I Tend to Be Fearful of the Unknown
By Caitlin Rulli
One of the things that shocked me most about this whole election season was how radical it was. From Trump on the way right to Bernie on the way left, this whole election upended a lot of assumptions about what could be achieved in politics. The American political system is stuck and broken, and unfortunately I think we’ve taken a huge step backwards.
In my Global Politics class, we all went around the room and shared our feelings about the election. I spoke about Trump’s astonishing, willful ignorance. Not to be an armchair psychologist, but the man is a narcissist, any way you look at him. In a narcissist’s world, they are right and anyone that disagrees is wrong. To be an effective leader, I believe one should have introspection, the willingness to learn, and the willingness to say “I was wrong, but I’m trying to make things right now.” In my opinion, Trump is fundamentally unable to do that. Just listen to him talk about climate change or abortion or immigrants – he is flagrantly, flat-out wrong about so many crucial topics, and when presented with evidence to the contrary refuses to accept it. He consciously rejects anything that doesn’t fit within his rhetoric, rather than trying to grow as a person.
Will Trump be able to stand up at any point in these next four years and emphatically apologize about misguided actions? Will I believe him if a national tragedy strikes and he sends his condolences to those who have lost? Will he listen thoughtfully to those who are experts in their fields and have years of experience before making crucial decisions? I just don’t know.
Another girl in my class brought up the fact that now that we have elected a man with racist, homophobic, sexist, and ignorant ideals to be our leader, others who uphold these ideals will find it more acceptable to not only voice these opinions, but act on them, digging their heels in further. Impressionable young men and women will look at this man on TV, in the newspapers, on tabloid covers, and internalize everything he says. Having Trump ascend to the presidency with no experience and a repeated disrespect of so many American citizens is frightening, and the implications of his election are still widely unknown.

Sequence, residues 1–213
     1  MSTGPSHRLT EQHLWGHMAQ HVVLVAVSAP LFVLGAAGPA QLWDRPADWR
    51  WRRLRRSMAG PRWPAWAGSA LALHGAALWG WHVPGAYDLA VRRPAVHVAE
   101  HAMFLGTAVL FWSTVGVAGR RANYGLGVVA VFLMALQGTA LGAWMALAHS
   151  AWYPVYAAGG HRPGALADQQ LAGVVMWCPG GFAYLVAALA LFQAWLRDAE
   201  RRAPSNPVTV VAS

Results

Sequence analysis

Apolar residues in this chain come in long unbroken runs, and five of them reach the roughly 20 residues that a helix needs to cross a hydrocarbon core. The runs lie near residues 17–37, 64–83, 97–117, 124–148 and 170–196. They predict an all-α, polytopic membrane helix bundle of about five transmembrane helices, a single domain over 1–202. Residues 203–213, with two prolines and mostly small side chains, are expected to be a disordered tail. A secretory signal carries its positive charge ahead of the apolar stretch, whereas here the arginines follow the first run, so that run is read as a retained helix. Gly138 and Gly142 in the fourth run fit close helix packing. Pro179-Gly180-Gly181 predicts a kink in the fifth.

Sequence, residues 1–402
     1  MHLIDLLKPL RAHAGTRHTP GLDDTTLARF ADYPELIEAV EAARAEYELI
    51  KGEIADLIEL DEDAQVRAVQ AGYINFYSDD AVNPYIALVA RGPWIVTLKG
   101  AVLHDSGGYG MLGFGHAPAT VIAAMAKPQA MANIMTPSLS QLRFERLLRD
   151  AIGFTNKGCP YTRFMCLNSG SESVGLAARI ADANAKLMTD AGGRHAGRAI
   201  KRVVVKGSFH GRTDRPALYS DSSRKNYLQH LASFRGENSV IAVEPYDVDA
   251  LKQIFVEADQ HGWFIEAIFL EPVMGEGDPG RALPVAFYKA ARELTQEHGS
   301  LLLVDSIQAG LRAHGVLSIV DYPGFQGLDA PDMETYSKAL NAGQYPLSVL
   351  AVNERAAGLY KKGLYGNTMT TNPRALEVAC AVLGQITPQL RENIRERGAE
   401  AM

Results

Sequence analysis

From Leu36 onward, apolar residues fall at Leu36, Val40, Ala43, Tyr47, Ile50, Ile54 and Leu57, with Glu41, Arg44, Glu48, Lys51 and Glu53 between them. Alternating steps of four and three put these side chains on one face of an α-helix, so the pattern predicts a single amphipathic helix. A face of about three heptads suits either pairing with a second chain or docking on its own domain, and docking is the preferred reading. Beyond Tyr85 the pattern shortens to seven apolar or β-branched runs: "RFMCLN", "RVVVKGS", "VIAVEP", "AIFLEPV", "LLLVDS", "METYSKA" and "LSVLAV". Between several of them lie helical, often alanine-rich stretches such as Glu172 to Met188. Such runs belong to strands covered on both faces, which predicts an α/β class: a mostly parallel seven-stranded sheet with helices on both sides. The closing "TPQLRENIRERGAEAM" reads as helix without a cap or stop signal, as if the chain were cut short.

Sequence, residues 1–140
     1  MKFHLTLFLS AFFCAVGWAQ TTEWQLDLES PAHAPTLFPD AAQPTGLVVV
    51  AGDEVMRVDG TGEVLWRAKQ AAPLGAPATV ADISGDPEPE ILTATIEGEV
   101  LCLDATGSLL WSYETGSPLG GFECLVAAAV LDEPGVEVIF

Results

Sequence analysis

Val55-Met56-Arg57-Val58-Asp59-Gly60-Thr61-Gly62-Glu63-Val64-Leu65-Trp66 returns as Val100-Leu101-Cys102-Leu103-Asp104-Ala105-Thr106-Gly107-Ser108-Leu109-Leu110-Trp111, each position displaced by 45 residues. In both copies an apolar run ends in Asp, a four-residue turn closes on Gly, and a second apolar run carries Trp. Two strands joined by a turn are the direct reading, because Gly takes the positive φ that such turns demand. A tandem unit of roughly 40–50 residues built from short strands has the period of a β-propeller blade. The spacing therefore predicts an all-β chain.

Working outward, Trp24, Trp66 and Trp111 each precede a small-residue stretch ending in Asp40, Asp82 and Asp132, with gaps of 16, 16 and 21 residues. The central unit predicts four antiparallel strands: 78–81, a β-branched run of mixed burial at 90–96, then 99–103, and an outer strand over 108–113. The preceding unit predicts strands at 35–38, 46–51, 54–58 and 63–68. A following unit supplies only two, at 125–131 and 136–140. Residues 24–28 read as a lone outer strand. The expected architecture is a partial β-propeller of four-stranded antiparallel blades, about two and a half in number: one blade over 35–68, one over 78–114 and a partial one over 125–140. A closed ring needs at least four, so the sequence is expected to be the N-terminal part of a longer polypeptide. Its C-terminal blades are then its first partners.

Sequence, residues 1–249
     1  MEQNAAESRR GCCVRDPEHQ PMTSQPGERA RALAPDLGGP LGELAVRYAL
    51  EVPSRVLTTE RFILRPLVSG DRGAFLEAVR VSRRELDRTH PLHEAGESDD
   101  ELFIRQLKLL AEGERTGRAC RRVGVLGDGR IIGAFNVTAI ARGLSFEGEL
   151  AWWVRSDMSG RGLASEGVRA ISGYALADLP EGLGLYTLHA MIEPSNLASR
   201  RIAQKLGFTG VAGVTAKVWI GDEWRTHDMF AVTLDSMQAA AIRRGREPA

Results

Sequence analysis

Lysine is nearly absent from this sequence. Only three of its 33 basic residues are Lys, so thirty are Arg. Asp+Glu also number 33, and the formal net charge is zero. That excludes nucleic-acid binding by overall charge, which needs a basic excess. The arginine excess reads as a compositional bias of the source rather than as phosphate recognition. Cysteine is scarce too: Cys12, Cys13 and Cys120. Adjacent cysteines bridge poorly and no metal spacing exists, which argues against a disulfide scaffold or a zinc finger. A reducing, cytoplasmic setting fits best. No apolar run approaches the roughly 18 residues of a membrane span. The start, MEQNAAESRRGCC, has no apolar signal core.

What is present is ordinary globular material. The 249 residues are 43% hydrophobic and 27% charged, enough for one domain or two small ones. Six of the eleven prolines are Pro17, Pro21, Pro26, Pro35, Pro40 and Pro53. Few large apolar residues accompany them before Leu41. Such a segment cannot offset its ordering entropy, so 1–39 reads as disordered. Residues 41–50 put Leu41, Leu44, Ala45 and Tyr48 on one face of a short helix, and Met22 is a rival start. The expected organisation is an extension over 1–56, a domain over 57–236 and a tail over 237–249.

Ultimately, my peers and I tend to be fearful of the unknown. Trump has not given concrete answers on policy. He is seeking to fill his cabinet with his close friends and colleagues rather than experts in the fields, creating an echo chamber of his own opinions. Friends who never felt lesser than because of their race, now are afraid. Friends who were looking forward to getting married one day now wonder if they even can at the end of Trump’s presidency. Myself and others are now fearful that our reproductive rights and bodily autonomy will be violated. People who have insurance thanks to the Affordable Care Act are now facing the possibility of that vanishing. There is so much we aren’t sure of.
My hope is that he proves us wrong. My hope is that he will truly be a President for all Americans, as he promised in his acceptance speech. My hope is that we do not let our fear cripple us. My hope is that my peers will join me in trying to fight for what we believe in. I don’t know how we will do it, but I have confidence that we will find a way. That is true of all Americans – we will fight for our principles. It is what our very nation was founded upon.